Link here to my review in Seesaw
Monday, March 2, 2020
Sunday, March 1, 2020
Adapted by Nick Enright and Justin Monjo
From the novel by Tim Winton
Black Swan and Malthouse
Directed by Matthew Lutton
His Majesty’s Theatre until March 15
There’s a striking coincidence at the very beginning of this Black Swan /Malthouse revival of the celebrated novel-turned-stage play-turned-mini-series Cloudstreet which closes the 2020 Perth Festival’s theatre programme.
The opening scene, in which the unmistakable, cherubic actor Ian Michael stands alone on the stage introducing the where, when and whys of the play about to take place, is an exact replica – same unmistakable actor, same purpose – as the opening scene of Black Swan’s 2019 Perth Festival production of Thornton Wilder’s Our Town.
It’s more than a passing coincidence; both the Australian and American plays deal in a specific place (the small, isolated town of Grover’s Corners in Our Town, the small, isolated city of Perth in Cloudstreet), a long space of time (13 years from 1901 – 1914 in our Town; 20 years from 1943 – 1963 in Cloudstreet), and are peopled by families growing cheek to jowl through births, deaths and marriages.
Very significantly, both works were written around the same number of years after the events they portray (24 years in the case of Our Town, 28 years in the case of Cloudstreet); recently enough for both Wilder and Winton to have a personal connection to the time, the place and the people, long enough ago for them to become part of a wider, more unparticular history.
I think this partly explains the real life/dreamlike quality that pervades both works, and their enduring popularity.
Put more succinctly. If Winton had called his story Our Town, it wouldn’t seem a millimeter out of place on the book cover.
We will never see Our Town in Wilder’s invented Grover’s Corner, but we are seeing Cloudstreet on its own boodjar, and that gives it an additional power that is as palpable as it is obvious.
We see immediately, though, that Malthouse Theatre’s artistic director, the Perth-born-and-raised Matthew Dutton has no intention of giving this revival of Nick Enright and Justin Monjo stage adaptation of Winton’s novel a picaresque, soft-focused treatment.
The clue is Zoe Atkinson’s concrete brutalist set, gouged with abstracted shapes that hint at Aboriginal rock paintings. There’s a pertinent nod, though, to Perth’s brutalist architects, notably Tony Dale, whose Hale School Hall (1961) is the touchstone of the style in Australia; other examples are the Commonwealth Bank building on the Terrace, the Concert Hall and State Library, the Christian Scientist building at the top of the Terrace and the FESA building, disgracefully demolished in 2013 .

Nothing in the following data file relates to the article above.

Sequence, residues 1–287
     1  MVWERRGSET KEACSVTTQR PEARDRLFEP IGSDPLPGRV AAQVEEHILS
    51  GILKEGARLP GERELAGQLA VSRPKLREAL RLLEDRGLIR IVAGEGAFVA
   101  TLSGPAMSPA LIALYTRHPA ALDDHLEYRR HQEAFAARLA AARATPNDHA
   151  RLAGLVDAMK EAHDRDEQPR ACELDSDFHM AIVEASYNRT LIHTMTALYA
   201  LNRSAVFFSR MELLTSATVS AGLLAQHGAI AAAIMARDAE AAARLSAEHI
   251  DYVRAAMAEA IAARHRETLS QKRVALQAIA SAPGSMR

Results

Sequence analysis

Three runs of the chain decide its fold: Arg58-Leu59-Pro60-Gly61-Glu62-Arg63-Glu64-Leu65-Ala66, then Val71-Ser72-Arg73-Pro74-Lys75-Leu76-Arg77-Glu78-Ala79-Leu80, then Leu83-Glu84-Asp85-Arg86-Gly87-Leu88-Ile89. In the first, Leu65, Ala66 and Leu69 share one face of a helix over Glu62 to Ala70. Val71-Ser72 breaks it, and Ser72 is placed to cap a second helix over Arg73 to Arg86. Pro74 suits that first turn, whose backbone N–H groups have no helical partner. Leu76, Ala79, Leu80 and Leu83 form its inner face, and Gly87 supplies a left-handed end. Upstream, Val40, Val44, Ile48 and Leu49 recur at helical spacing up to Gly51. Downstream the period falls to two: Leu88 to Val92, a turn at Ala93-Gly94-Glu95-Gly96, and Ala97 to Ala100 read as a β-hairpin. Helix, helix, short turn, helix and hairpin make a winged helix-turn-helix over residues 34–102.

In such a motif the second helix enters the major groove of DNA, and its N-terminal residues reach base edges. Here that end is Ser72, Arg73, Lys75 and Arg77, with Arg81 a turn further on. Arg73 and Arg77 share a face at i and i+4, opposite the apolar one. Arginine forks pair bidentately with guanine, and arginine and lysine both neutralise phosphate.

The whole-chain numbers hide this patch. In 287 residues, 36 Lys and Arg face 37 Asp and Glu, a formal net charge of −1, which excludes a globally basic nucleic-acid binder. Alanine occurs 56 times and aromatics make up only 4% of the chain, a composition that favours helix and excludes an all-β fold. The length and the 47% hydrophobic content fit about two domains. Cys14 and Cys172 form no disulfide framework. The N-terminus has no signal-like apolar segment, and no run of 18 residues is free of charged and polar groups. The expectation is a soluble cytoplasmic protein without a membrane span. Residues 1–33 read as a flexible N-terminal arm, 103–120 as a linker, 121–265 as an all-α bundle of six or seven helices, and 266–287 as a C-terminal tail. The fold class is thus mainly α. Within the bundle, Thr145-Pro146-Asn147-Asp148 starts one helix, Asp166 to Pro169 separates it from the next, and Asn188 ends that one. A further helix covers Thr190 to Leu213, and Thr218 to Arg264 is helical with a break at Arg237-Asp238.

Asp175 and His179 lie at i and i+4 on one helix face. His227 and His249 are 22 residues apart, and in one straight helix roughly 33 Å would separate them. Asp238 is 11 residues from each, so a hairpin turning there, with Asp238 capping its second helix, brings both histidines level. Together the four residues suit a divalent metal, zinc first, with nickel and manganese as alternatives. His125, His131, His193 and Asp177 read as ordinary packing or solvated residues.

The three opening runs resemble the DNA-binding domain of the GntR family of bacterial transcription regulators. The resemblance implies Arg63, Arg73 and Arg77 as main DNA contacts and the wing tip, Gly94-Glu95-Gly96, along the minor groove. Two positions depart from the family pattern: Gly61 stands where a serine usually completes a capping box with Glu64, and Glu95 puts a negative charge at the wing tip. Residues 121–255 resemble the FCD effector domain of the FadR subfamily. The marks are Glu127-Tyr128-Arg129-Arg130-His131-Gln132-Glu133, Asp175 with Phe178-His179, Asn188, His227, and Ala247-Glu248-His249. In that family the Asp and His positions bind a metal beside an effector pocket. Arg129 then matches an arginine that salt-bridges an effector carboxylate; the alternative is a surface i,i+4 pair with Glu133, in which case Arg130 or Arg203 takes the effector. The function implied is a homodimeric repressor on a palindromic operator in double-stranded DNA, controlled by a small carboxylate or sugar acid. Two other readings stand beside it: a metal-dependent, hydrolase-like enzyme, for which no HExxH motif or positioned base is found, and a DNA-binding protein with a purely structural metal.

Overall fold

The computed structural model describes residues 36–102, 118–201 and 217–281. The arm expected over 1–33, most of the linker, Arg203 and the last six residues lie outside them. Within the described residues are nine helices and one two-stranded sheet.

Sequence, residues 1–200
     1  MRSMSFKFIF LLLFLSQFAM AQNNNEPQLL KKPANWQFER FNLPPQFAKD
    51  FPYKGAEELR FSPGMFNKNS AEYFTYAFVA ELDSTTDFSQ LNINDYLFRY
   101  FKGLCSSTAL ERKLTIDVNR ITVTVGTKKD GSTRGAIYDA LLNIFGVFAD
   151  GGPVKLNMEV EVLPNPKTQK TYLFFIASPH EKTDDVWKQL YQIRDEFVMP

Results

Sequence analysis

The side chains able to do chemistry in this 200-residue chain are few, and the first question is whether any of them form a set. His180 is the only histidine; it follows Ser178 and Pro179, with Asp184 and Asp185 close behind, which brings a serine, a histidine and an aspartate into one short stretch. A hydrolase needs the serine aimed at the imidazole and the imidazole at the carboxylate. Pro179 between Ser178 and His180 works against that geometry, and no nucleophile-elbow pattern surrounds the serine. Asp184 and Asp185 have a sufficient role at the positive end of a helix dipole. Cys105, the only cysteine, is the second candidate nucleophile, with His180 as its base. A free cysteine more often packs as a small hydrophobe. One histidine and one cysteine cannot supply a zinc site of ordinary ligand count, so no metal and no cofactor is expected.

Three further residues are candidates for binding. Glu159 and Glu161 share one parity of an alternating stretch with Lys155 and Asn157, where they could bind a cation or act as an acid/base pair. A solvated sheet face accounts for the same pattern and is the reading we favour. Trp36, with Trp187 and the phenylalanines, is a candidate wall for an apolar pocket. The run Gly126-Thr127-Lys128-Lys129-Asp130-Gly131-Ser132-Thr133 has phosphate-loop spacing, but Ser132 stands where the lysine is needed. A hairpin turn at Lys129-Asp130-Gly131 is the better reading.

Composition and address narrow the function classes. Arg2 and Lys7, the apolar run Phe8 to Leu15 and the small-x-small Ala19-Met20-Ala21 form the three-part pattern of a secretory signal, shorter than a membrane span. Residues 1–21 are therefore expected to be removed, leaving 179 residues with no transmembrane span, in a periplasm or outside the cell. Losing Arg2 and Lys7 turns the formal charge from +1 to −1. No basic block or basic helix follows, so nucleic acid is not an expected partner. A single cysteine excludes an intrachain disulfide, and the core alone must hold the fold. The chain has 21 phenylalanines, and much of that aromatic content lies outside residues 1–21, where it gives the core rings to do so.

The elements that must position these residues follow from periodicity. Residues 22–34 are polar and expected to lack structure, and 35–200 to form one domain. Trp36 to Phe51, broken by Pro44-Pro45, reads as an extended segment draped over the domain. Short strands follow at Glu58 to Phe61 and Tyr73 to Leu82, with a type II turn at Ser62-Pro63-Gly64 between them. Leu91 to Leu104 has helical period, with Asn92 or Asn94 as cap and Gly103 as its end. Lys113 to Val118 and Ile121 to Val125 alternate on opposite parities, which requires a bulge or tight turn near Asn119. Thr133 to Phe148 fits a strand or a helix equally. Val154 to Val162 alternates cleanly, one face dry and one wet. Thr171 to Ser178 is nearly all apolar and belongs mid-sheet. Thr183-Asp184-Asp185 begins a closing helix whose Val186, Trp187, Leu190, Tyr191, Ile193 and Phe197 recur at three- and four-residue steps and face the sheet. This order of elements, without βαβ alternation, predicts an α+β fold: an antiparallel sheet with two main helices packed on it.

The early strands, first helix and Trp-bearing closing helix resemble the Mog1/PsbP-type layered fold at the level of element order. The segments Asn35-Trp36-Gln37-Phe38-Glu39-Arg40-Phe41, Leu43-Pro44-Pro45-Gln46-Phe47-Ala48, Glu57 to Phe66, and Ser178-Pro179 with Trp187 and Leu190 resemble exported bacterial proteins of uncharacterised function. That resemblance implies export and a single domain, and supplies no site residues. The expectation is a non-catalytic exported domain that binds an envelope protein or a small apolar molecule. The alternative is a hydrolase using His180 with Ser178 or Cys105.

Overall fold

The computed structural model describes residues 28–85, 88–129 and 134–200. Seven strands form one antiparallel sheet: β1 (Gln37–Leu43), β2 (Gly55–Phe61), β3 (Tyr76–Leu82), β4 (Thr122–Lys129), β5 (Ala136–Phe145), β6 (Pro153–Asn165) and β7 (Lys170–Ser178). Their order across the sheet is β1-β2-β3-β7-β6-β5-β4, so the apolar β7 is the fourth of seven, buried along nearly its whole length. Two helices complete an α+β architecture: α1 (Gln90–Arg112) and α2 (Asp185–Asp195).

But while the set may be nothing like how we imagine the interior of 1 Cloud Street, it functions well as the shared home of its now legendary cohabitants, the Pickles and the Lambs,.
Their members have passed into a kind of folklore: the soft-touchable, good-hearted Lester Lamb (Greg Stone) and his guilt-ridden, pious wife Oriel (Alison Whyte), their boys, the fervent, melancholy Quick (Keegan Joyce), the lovable, damaged Fish (Benjamin Oakes) and Chub (Michael), their daughters Elaine (Arielle Gray), Hattie (Ebony McGuire) and Red (Mikayla Merks); and their accidental landlords, the Pickles – the woebegone rider of lady luck, Sam (Bert LaBonté), his dipsomaniac – just about every kind of maniac – wife, Dolly (Natasha Herbert), their bright, anorexic daughter Rose (Brenna Harding) and their sons, the saturnine, disconnected Ted (Scott Sheridan) and the impetuous Lon (Michael again).
The familiar story of the Lambs and the Pickles, from their first arrival at Cloudstreet in the latter years of WWII to – the play strongly suggests – the dawn of a new era in the early ’60s, plays out over 225 minutes (there are two intervals, the first long enough for a meal).
It’s a long haul, and even then inevitably truncates some of the book’s major themes and incidents, and it’s unsurprising that there’s an occasional sense of ticking off the necessary rather than diving deep into the essential – rather like those Reader’s Digest condensed novels of the time.
By and large, though, the adapters Nick Enright and Justin Monjo did a neat editing job with a practiced eye for what was going to work on stage, so you don’t feel you’ve missed anything, even if, sometimes, there might have been more to be had.
There has been discussion about the heightened Aboriginal presence in this production, creating a darkly spiritual sub-soil from which the story grows.
It’s a conversation worth having, but it’s an element that Enright and Monjo, and now Lutton, have drawn and amplified from the original novel. Without it the play would lose a unifying theme it badly needs to elevate it from the mere episodic.
It needs a strong, durable cast, too, and Lutton is blessed with a fine one here.
There’s not a weak performance, but the central characters are particularly well served by Joyce’s nervy Quick, Whyte’s sharp-edged Oriel and Harding’s blossoming Rose.
The production’s cross-ethnic casting is no issue, and I’ll defer to those much closer to the matter about the casting of the autistic actor Oakes, who does a fine job as the brain-damaged Fish.
Cloudstreet has an almost genetic fascination for West Australians (“Tim Winton must have heard about our family” is all but a meme in these parts) so, although the play is never going to be a great one – it really is too episodic, too stuck in its ways to be that – this production is worthy of your attention.